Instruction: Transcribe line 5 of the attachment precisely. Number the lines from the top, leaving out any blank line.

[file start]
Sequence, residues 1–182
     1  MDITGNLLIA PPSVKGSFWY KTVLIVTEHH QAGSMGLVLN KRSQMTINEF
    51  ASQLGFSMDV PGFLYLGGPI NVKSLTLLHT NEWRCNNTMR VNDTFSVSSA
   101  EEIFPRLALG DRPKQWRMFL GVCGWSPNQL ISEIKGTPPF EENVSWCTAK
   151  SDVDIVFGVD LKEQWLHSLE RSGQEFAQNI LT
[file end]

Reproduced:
   151  SDVDIVFGVD LKEQWLHSLE RSGQEFAQNI LT